HRUA campaign brings Council U-turn on park locking
Demonstration outside the Civic Centre on September 12th.
Photo courtesy of Harrow Times, posters by Lawrence Matthias and Gerry Devine
Harrow Council’s plan to cease locking parks at night was abandoned just before the start of the Cabinet meeting on Thursday 12th September. HRUA had informed the Council of its intention to present a petition and demonstrate our opposition to the plan at the Cabinet meeting, and we gathered a total of 1180 signatures. These were from members of HRUA, other users of Harrow Recreation Ground including the dog walkers, residents of adjacent properties, and organisations such as Roxborough Road Residents, Harrow Bowls Club, Three Bridges Cricket Club, local shopkeepers and the Harrow Hotel.
Thanks to everyone who helped by collecting signatures, lobbying the Council, writing letters to newspapers (who have been very supportive) and above all, who signed the petition. The people have spoken, and at last we have been listened to!
The petition also attracted support from all over the borough, including other park user groups and campaigners who had organised their own petitions against parks being left unlocked at night. These included Friends of Canons Park, Harrow Weald Bowling Club, Pinner Memorial Park, Pinner Village Gardens, The Croft, and Rayners Mead. Others included those worried about cemeteries being left unlocked at night.
Councillors from Headstone South (Bill Stephenson and Sasi Suresh, Labour) actively campaigned against the plan and were joined by others from Headstone North (James Bond, Independent); Rayner’s Lane (Krishna Suresh, Labour); Pinner South (John Nickolay, Conservative) at the demonstration organised by HRUA outside the Civic Centre.We therefore achieved cross-party consensus from the three main political groups representing our local wards against the unlocked parks policy of the Independent Labour administration which currently controls the Council. This is no mean feat in a borough where political unity is rare these days.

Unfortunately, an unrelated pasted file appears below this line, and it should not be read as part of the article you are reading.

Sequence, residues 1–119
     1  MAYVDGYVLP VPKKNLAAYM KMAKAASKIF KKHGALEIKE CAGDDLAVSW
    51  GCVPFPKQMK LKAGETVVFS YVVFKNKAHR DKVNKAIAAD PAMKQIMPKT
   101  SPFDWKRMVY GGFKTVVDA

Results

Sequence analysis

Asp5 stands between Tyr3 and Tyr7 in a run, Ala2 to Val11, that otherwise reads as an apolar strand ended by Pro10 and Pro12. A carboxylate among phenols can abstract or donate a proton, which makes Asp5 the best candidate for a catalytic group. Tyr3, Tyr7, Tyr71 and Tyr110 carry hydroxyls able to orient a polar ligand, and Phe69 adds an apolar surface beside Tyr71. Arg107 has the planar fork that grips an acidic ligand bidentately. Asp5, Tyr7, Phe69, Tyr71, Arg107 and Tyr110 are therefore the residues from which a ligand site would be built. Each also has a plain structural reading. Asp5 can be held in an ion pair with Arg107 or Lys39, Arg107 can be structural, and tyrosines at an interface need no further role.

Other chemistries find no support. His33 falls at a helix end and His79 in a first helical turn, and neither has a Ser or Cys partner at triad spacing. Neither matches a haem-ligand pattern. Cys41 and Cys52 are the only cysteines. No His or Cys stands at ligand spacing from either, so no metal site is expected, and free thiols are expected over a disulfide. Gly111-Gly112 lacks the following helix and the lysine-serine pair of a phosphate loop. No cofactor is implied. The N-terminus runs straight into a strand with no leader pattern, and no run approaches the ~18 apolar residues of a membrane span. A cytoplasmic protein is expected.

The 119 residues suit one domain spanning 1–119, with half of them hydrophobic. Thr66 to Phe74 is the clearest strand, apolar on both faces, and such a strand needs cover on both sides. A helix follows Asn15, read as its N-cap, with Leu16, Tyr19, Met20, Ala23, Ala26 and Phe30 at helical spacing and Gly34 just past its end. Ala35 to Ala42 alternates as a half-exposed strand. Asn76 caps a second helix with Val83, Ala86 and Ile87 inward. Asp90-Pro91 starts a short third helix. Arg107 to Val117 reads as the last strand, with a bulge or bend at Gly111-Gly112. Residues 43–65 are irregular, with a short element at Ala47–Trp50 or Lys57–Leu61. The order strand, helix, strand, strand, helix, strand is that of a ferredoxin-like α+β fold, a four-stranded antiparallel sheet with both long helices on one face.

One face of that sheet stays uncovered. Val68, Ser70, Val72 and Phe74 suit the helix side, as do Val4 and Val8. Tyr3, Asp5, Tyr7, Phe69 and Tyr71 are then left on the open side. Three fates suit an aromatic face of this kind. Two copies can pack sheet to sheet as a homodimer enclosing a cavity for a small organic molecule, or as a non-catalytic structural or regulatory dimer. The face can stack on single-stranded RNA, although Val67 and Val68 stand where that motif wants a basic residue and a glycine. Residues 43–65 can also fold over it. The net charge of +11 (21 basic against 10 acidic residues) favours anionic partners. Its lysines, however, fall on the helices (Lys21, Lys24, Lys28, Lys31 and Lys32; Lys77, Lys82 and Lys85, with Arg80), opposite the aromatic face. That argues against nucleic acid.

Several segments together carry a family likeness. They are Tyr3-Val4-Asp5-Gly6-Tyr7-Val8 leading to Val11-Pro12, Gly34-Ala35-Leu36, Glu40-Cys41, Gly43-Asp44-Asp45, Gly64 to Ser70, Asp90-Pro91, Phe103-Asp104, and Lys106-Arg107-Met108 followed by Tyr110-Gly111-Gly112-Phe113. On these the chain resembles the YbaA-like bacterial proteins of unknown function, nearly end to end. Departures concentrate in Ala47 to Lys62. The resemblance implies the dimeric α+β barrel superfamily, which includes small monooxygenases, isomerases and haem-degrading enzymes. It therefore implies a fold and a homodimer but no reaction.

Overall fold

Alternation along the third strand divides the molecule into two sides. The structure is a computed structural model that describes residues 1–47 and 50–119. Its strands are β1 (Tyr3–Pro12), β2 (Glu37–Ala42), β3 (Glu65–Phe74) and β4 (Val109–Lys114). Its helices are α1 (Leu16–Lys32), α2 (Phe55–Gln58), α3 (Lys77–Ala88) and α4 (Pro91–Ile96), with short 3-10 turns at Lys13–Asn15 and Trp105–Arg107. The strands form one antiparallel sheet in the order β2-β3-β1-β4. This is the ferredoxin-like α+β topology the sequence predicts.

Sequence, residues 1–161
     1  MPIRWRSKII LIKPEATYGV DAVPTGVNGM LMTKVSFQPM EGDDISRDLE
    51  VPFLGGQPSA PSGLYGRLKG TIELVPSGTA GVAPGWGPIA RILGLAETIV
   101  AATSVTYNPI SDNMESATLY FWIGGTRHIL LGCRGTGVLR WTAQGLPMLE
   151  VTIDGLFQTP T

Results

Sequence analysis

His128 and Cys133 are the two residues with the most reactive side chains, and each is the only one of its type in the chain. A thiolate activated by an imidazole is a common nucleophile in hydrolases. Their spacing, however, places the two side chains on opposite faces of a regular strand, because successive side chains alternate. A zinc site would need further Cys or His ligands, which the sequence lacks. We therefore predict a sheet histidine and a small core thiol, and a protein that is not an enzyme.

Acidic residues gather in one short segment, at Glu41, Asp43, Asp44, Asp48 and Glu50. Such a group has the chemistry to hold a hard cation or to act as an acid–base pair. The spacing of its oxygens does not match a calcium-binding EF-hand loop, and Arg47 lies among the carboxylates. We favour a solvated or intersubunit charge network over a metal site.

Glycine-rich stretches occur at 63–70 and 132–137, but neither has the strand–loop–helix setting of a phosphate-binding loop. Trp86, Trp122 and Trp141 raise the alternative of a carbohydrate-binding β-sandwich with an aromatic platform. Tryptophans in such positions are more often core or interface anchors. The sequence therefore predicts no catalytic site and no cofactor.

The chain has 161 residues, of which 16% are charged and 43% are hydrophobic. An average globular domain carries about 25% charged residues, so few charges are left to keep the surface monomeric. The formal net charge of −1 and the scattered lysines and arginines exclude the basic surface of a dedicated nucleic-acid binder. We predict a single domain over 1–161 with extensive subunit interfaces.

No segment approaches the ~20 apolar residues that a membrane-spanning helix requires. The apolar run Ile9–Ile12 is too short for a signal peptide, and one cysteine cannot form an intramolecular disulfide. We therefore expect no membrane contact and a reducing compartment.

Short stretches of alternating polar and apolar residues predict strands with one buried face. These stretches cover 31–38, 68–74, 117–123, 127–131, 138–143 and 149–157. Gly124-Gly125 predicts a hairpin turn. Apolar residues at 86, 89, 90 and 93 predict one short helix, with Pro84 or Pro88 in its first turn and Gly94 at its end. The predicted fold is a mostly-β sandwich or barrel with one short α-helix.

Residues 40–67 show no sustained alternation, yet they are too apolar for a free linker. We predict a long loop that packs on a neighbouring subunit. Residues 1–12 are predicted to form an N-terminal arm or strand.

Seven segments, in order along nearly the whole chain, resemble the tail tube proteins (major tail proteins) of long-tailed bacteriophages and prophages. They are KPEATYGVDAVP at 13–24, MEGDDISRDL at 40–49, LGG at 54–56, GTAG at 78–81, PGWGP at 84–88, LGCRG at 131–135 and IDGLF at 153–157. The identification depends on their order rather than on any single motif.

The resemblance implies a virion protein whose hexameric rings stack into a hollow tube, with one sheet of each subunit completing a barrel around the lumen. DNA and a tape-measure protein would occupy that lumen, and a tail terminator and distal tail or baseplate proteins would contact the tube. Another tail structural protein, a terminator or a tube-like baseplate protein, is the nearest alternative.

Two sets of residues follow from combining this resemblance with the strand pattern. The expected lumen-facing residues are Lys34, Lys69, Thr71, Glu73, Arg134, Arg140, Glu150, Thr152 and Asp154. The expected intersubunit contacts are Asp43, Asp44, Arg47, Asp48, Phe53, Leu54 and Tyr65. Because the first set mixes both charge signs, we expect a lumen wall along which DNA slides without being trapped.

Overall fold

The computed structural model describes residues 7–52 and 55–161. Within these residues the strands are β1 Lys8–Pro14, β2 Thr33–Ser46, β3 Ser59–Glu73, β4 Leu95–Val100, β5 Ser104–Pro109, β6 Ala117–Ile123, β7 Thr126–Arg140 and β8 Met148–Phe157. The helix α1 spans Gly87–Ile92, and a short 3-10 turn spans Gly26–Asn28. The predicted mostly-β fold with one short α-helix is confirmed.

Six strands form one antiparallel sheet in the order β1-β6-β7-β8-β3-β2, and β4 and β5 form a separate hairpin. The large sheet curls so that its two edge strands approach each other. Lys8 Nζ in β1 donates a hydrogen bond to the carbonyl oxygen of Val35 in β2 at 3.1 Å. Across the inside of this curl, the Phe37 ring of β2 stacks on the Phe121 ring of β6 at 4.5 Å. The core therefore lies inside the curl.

Headstone South Safer Neighbourhoods Police had expressed their concerns about the effect on crime levels and overall policing in the ward. They are now doing late night patrols, as there has been an increase in anti-social behaviour even with the gates locked, but the prospect of access all night every night to anyone who wants to get up to mischief, or worse – drug dealing and wild parties – was worrying to almost everyone who enjoys the lovely atmosphere of this very special park.
The demonstration was attended by about 30 people. It would have been more had we not been told just before it was due to start that the Council had decided to change their mind and lock the parks after all. Although the demonstration and petition were therefore technically unnecessary after the decision was announced, we decided to go ahead to show the strength of support for keeping parks and cemeteries locked. Both the Harrow Observer and Harrow Times covered the story and their websites have details.
This ends a long period of uncertainty about the future safety and security of Harrow’s prime parks and a number of cemeteries which would have been left unlocked. Exactly the same proposal was kicked out by the Council in 2006 and it is surprising that it was even suggested again. However memories are short – and council funds these days even shorter. The campaign this time was far longer and the Council took a long time to agree with our views (unlike the U-turn on dog bins – incidentally we are still missing two bins that were removed on the very day the Council did the U-turn but have not so far been reinstated). HRUA is proud to have been able to help change the Council’s mind on both these issues.